A southeast Texas county on Tuesday put the kibosh on a resolution that would’ve made it the first in the Lone Star State to designate a county militia.
David W. Smith, the leader of a group called the Golden Triangle Militia, has been working toward getting Orange County to recognize his group for about a year and a half. He told TPM in an interview last week that Texas law already enshrines his group’s right to exist as part of the state’s military forces, but he wanted the Orange County Commissioner’s Court to follow the law and formally recognize the Golden Triangle Militia so that its members could lend a hand as needed.
The Commissioner’s Court tabled a resolution to recognize the Golden Triangle Militia as the county militia last week, after one commissioner raised questions about the group’s vetting process. The commissioners revisited the resolution at a meeting Tuesday and passed a measure thanking volunteer groups for serving the county instead of recognizing the Golden Triangle Militia, according to local news station KBMT.
County Judge Brint Carlton said in the meeting that “the county, by way of this resolution, had no intention and still has no intention of creating a militia,” according to KBMT. The judge added that the county has “what we need as far as security or law enforcement measure.”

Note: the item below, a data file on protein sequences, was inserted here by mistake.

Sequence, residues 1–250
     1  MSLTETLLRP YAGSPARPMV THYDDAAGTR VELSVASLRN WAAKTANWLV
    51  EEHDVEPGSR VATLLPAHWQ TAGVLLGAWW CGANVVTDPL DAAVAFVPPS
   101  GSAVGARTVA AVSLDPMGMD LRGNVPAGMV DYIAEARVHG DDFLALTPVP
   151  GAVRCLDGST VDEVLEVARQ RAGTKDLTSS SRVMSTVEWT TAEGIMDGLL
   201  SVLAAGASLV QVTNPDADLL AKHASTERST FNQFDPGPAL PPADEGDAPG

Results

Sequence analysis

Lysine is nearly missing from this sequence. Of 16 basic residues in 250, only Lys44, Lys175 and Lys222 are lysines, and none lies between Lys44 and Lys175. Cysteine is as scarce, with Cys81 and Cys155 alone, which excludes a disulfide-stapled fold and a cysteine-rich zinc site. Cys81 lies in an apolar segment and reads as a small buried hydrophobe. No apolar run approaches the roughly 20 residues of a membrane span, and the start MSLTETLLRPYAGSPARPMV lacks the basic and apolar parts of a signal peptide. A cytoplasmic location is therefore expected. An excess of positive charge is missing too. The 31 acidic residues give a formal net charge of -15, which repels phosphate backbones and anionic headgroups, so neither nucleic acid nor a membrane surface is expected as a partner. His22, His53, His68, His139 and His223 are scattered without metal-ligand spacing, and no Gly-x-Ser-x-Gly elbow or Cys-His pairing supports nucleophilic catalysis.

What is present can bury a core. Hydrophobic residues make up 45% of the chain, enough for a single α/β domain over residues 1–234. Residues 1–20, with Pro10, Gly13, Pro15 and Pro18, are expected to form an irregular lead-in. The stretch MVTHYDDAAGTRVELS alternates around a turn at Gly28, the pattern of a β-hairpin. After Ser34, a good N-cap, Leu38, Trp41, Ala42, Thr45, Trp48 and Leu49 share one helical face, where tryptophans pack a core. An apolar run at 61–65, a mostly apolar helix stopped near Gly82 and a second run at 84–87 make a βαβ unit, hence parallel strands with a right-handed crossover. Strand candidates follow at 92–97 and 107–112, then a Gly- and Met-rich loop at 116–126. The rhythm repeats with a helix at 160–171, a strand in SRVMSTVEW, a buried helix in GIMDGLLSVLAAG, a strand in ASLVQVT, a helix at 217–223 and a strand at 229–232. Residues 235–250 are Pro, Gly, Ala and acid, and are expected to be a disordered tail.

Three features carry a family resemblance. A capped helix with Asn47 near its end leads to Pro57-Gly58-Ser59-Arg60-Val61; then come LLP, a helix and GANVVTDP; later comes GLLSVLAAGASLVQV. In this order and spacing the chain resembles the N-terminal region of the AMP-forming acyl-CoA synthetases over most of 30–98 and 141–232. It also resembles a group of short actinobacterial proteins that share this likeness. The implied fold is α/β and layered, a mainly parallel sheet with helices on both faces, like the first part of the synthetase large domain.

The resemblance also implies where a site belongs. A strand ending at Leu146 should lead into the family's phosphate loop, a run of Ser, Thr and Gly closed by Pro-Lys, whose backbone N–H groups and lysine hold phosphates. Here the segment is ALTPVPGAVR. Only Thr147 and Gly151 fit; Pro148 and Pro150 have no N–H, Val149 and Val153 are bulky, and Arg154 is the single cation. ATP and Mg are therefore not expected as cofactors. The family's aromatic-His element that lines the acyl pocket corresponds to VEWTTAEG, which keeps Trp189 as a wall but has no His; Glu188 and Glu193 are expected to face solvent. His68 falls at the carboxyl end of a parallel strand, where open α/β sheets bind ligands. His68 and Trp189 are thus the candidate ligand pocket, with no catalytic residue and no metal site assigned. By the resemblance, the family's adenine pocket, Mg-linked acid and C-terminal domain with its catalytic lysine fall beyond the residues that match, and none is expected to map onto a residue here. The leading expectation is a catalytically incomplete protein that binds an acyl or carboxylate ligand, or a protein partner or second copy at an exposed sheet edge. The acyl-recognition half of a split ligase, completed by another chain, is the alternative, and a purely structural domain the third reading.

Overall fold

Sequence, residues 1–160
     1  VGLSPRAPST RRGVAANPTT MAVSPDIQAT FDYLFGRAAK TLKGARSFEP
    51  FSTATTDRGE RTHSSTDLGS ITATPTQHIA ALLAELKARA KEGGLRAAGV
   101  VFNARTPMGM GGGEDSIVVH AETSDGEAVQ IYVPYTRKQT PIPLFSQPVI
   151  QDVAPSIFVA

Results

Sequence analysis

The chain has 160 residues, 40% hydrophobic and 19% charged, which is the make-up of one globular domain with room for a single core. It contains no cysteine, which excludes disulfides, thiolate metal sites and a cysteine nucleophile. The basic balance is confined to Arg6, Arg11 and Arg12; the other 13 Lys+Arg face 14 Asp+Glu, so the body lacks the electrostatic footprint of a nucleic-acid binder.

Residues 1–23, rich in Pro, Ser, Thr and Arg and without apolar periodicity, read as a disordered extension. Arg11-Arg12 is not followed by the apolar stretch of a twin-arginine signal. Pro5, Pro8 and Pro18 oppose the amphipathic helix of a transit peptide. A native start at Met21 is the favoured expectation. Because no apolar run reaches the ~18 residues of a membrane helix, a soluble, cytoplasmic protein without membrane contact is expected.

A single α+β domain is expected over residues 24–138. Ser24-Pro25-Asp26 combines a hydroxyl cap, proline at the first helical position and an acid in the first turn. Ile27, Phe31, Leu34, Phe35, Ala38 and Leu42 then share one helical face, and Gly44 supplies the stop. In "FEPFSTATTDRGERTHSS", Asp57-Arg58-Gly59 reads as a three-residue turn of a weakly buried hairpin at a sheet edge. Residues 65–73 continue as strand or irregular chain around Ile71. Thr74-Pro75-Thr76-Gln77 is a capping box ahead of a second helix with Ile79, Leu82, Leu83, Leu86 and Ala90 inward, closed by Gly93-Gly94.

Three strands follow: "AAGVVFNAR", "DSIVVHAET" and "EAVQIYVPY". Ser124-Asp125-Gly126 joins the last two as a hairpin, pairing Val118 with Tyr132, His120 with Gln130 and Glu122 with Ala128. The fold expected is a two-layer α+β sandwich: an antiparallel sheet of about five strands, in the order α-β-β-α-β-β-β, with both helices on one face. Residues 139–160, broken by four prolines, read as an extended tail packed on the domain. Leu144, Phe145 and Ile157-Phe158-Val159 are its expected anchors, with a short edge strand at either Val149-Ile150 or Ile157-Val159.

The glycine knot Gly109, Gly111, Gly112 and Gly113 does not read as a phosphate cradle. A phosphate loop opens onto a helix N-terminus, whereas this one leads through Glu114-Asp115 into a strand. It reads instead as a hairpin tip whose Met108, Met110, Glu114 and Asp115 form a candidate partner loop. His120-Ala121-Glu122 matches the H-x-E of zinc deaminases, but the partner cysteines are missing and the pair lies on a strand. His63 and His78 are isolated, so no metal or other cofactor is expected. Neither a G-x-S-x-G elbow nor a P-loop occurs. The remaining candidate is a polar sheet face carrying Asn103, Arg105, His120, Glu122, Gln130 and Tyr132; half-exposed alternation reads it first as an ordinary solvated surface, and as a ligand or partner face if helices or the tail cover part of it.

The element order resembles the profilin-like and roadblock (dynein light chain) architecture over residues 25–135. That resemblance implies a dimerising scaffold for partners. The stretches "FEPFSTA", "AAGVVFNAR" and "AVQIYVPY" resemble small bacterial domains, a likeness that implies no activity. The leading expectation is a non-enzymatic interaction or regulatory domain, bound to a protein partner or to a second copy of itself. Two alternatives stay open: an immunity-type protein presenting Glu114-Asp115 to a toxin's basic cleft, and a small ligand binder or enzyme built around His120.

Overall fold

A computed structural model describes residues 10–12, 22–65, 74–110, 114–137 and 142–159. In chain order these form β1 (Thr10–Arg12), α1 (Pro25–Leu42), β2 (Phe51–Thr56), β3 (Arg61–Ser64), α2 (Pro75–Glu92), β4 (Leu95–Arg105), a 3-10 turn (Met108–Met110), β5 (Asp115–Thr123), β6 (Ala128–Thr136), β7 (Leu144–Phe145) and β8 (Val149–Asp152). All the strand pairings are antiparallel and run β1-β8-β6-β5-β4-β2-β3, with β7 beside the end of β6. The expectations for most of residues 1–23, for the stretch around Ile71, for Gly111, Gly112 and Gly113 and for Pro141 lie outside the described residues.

Smith saw a ray of sunshine in the decision, however. He told TPM in an email that Carlton “publicly announced the Reserve Militia exists and the County has all authority to call the Reserve Militia into duty.”
Catherine Thompson is a senior editor for Talking Points Memo in New York City. She came to the site in 2013 and reported on national affairs. Previously, she worked as a research assistant to investigative reporter Wayne Barrett. She can be reached at email@example.com.